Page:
Now understanding this concept, let us assume we want to buy a tract of pre-development land as an investment that’s three to five years away from being ready for development. We can then project its future value based on today as explained above and then discount that price backward based on our projected holding time, plus what we would like to earn on our money in this investment. This will establish a purchase price that we can pay, hold the property for the anticipated time and still meet our desired investment yield.
Now, what if you find a tract that meets your goals, but the seller of that tract wants a higher price than you can pay? What if all the comparable recent land sales prices in that area are higher than your established price? What if other speculative investors have already raised the value of all land in this area past your desired comfort level? Then I go back to my philosophy that dirt is basically worthless until it can generate income, and it is safer to pass on this opportunity.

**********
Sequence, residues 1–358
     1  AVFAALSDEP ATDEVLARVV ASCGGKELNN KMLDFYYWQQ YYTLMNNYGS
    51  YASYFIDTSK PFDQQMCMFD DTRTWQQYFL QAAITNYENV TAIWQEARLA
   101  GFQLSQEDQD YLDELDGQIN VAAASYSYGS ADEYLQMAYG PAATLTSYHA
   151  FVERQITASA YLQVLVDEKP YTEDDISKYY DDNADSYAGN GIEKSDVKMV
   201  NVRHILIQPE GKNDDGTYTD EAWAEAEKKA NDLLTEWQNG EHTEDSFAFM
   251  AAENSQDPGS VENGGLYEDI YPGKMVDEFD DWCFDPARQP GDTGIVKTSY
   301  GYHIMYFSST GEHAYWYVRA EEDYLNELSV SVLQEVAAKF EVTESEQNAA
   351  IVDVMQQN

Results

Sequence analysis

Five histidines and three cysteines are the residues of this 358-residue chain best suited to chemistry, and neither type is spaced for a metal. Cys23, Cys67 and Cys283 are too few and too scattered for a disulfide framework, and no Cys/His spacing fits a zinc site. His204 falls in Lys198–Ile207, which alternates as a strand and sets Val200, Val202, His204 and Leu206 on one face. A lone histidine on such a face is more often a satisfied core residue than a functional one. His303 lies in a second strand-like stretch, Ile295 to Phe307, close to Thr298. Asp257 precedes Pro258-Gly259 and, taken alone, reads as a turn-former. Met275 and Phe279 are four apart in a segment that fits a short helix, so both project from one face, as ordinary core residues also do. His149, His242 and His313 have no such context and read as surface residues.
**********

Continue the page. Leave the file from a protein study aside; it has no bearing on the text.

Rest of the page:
If the development market has determined a maximum purchase price for the land based on the above illustration and I cannot buy a piece of property at the discounted determined price, hold it for the necessary time and still generate my expected return, I’ll pass on this investment opportunity.
Quite often, investors develop a fury of land speculation that heats up land prices well in excess of today’s true value. This is called the greater fool theory: “I am going to pay more than I know it is worth because this market is so hot I can find a bigger fool to sell it to and make a profit.” When this happens, these inflated prices don’t raise the real value of the land. That usually means that sometime in the near future, someone is going to get burned.
This is where the contrarian philosophy will serve you well because it will allow you to enter the market when it is ending a bust and all the other investors are still too scared to participate and then sell into the boom that follows as everyone is trying to get into the game. In later columns, I’ll explain more about how to read cycles so you can do this.